37. 37. a)  Substance abuse‐ impact on youth & challenges for the future b)  HIV/AIDS‐ awareness, prevention, treatment and services c)  Problems of the elderly‐ causes, implications and response d)  Issue of child labour‐ magnitude, causes, effects and response e)  Child abuse‐ effects and ways to prevent f)  Trafficking of women‐ causes, effects and response                   Note:  Out of the 45 lectures allotted for 5 units for Semester I, about 15 lectures may be allotted for project guidance                                                                          
  38. 38.             Revised Syllabus  Foundation Course for F. Y. B Com  Semester IISemester II                  Lectures 45                   Marks 60 Unit 1 Globalisation and Indian Society: Understanding the concepts of liberalization, privatization and globalization; Growth of information technology and communication and its impact manifested in everyday life; Impact of globalization on industry: changes in employment and increasing migration; Changes in agrarian sector due to globalization; rise in corporate farming and increase in farmers’ suicides.                 (7 lectures) Unit 2 Human Rights Concept of Human Rights; origin and evolution of the concept; The Universal Declaration of Human Rights; Human Rights constituents with special reference to Fundamental Rights stated in the Constitution;               (10 lectures) Unit 3 Ecology Importance of Environment Studies in the current developmental context; Understanding concepts of Environment, Ecology and their interconnectedness; Environment as natural capital and connection to quality of human life; Environmental Degradation‐ causes and impact on human life; Sustainable development‐ concept and components; poverty and environment  (10 lectures)Unit 4 Understanding Stress and Conflict: Causes of stress and conflict in individuals and society; Agents of socialization and the role played by them in developing the individual; Significance of values, ethics and prejudices in developing the individual; Stereotyping and prejudice as significant factors in causing conflicts in society.  Aggression and violence as the public expression of conflict;    (10 lectures)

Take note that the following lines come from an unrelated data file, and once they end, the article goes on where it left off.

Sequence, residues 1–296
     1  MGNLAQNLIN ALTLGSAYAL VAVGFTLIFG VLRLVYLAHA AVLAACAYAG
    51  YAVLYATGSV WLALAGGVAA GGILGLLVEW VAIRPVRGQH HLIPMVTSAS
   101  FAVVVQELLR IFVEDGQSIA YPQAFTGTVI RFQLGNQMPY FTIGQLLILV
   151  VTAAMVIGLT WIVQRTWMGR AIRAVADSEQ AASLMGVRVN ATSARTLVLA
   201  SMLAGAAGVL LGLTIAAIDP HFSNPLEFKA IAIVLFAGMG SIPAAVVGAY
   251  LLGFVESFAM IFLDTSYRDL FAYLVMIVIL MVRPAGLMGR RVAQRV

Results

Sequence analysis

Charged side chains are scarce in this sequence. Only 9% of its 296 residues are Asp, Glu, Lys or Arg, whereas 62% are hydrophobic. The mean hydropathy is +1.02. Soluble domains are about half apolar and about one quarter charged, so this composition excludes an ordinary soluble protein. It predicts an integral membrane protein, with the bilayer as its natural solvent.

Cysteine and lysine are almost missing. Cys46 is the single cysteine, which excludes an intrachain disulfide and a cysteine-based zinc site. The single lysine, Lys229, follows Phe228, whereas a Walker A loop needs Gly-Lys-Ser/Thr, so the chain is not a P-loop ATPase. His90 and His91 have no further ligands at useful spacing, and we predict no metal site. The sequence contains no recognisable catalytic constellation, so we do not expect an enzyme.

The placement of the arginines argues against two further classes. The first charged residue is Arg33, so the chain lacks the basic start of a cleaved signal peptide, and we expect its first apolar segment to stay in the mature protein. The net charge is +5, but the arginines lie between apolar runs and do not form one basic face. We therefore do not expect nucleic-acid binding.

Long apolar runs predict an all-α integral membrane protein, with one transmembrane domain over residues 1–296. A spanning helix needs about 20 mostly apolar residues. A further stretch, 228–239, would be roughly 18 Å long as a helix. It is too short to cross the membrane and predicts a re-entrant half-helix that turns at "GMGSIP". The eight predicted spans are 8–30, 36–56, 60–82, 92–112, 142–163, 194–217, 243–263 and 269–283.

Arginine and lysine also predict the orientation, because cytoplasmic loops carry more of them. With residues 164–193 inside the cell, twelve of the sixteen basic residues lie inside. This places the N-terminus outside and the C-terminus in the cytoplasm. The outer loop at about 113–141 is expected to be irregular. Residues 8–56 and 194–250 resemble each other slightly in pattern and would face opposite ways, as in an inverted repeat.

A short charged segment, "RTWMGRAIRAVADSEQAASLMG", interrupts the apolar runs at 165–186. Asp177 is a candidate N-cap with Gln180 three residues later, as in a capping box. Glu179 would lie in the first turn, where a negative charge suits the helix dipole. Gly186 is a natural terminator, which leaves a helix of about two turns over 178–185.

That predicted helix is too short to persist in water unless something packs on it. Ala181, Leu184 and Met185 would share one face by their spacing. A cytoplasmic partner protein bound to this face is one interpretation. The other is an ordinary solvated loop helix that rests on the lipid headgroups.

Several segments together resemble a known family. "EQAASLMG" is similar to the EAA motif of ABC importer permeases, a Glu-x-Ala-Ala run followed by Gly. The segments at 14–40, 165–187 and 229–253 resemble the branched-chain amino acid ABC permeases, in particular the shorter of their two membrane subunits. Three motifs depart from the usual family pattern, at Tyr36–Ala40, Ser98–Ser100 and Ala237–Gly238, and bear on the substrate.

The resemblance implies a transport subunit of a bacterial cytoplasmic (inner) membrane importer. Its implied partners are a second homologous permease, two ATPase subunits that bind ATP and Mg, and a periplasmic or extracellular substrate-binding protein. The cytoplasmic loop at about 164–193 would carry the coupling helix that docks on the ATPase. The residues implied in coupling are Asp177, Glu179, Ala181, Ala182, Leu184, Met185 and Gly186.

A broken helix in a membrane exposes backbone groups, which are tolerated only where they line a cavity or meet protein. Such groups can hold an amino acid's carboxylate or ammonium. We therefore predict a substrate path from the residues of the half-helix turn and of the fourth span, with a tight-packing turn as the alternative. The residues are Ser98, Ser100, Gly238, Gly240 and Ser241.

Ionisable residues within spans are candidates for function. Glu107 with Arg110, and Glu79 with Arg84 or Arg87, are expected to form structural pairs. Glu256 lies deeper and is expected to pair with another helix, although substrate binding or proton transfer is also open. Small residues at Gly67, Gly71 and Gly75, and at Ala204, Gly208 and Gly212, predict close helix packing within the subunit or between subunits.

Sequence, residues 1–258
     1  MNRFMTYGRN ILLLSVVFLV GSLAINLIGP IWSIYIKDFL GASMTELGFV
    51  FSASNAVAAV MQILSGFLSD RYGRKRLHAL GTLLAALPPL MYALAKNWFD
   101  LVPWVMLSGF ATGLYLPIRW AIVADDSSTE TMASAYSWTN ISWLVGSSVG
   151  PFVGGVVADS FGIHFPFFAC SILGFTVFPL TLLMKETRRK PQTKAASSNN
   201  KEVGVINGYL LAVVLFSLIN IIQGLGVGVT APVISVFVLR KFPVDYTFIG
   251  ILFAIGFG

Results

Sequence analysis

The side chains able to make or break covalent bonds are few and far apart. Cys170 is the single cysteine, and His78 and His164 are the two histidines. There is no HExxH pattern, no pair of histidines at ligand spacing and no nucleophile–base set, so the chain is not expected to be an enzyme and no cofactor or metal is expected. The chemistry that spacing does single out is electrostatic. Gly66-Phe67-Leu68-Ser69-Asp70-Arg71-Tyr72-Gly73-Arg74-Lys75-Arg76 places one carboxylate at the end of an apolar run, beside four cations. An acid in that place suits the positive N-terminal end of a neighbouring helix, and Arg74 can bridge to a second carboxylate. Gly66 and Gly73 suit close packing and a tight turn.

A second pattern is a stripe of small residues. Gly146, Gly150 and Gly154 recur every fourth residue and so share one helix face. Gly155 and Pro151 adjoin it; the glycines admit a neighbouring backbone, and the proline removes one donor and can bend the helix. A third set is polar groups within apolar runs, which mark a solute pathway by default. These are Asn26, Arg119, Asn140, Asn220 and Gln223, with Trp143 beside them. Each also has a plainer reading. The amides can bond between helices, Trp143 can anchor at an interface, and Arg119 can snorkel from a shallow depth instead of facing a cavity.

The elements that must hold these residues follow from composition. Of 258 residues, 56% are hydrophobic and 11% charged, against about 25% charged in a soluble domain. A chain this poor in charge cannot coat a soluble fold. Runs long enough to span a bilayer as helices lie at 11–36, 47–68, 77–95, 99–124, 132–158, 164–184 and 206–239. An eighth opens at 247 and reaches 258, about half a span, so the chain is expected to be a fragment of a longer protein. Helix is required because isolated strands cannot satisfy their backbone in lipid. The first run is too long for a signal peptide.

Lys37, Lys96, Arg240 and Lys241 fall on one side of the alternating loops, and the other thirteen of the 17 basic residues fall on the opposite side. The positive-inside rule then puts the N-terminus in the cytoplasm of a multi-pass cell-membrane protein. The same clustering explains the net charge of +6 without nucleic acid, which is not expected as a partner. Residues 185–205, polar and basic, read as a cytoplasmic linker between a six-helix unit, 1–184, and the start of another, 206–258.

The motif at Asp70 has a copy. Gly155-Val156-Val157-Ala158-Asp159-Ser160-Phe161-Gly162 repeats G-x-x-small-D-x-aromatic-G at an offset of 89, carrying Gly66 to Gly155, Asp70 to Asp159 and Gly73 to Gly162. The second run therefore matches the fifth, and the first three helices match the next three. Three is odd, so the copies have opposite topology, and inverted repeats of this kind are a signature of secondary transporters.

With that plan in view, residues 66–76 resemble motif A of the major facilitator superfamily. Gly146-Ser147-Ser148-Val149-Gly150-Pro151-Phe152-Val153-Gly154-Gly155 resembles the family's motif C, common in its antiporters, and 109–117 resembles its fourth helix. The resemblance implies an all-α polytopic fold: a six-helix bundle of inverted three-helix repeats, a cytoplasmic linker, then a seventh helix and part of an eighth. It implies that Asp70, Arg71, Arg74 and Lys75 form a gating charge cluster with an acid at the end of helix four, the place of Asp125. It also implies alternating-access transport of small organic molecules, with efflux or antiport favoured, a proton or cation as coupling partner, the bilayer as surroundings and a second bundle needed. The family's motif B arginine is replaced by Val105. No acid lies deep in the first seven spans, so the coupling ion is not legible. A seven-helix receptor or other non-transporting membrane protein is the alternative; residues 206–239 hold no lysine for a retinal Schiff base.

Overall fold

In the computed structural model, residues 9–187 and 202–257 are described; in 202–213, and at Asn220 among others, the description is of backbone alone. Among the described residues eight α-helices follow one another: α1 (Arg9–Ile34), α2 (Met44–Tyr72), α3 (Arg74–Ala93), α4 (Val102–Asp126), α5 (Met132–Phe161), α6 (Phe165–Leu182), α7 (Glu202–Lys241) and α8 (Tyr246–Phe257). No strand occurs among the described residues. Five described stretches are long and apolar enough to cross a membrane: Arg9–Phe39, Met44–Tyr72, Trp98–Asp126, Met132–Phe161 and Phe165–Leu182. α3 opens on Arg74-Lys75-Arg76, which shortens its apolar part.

39. 39. Unit 5 Managing Stress and Conflict in Contemporary Society: Types of conflicts and use of coping mechanisms for managing individual stress; Maslow’s theory of self‐actualisation; Different methods of responding to conflicts in society;  Conflict‐resolution and efforts towards building peace and harmony in society.  (8 lectures) Topics for Project Guidance : Contemporary Societal Challenges: a) Increasing urbanization, problems of housing, health and sanitation; b) Changing lifestyles and impact on culture in a globalised world. c) Farmers’ suicides and agrarian distress. d) Debate regarding Genetically Modified Crops. e) Development projects and Human Rights violations. f) Increasing crime/suicides among youth. Note: Out of the 45 lectures allotted for 5 units for Semester II, about 15 lectures may be allotted for project guidance   Question Paper Pattern for FC  Semester I and II Courses  At the F Y B. Com Examinations The student will be assessed on the basis of Internal Assessment of 40 marks and a Semester EndExam of 60 marks. The student will have to secure a minimum of 40% marks in aggregate and aminimum of 40% in each component of assessment i.e. 16 out of 40 in Internal Assessment and24 out of 60 in Semester End Exam.Internal Assessment: • There will be Class test of 20 marks  comprising of objective questions, short notes or case  studies.  • The learner will have to submit an assignment/project before appearing for the Semester End Exam for 10 marks. This assignment/project will be entirely based on Unit 6 and can take the form of street-plays, posters, power-point presentations, etc. • 10 marks will be allotted to overall participation, etc. as per the norms of the credit system Semester End Exam: • There will be a Semester End Exam for 60 marks of 2 hours duration. 
  40. 40. • Question No. 1, 2 and 3 will be Full-length questions for 15 marks each; there will be an internal choice in each of these questions requiring the students to answer one of two questions asked.• Full-length questions will be from Units 2, 3, 4 and 5 only.• Question No. 4 will be of the Short Note type where each Short Note will be for 3 marks each. Students will be required to answer 5 out of 8 Short Notes.• Short note questions will be from Units 1, 2, 3, 4 and 5.• Unit 1 will not feature in the Full-length questions but will be asked only in the form of Short Note questions.